When a Slate writer sees one of her pieces rendered into French on Slate.fr , she feels a frisson of excitement. Our European sister publication, which launched in February 2009, runs original stories as well as translations of pieces that first appeared in Slate . Since the only stories worthy of the translator's time and trouble are those focused on topics with global appeal, seeing your piece in French is like being told that it is cosmopolitan and somehow universal, not just some provincial American dead end.
So I was excited—and a little surprised—to see my own debut in the pages of Slate.fr earlier this week. Their skilled translators (they really are superb) transformed " Shirt-Buttoning Styles of the Weird and 'Special' " into " Du boutonnage de chemise des gens bizarres ." I had cause to mention Forrest Gump and Sling Blade 's Karl Childers as well as nerdy characters from television, such as Urkel, Monk, and Artie from Glee . The translator, Peggy Sastre, left in all these references, which is kind of formidable —it suggests that the French are really au courant on American pop culture.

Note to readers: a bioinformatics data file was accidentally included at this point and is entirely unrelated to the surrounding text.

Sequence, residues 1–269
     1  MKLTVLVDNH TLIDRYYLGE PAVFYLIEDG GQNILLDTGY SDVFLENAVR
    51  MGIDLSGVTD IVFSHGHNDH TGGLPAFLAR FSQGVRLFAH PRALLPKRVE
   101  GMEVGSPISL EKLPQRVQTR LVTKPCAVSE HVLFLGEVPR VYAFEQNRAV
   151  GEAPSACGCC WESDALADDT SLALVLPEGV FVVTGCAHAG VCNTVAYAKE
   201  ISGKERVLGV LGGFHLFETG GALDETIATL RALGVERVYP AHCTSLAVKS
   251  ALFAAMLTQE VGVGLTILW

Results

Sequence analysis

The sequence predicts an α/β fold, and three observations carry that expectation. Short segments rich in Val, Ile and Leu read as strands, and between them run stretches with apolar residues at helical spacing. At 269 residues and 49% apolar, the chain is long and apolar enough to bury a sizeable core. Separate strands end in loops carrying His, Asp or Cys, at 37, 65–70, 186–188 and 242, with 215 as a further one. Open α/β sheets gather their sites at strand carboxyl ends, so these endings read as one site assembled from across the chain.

Apparently, though, some things just cannot be translated. In the original, I said that parents are "more likely to stick to stores like JCPenney rather than venturing into Hot Topic." In the French version, that's rendered as "
ils ont plus tendance à s'en remettre à C&A plutôt que d'aller s'aventurer chez American Apparel
." JCPenney became C&A, and Hot Topic became American Apparel. I'm not sure what to draw from that, but as a lapsed European, let me assure you of one thing: The worst imaginings of a French translator are far nicer than the cold reality of American mall stores.
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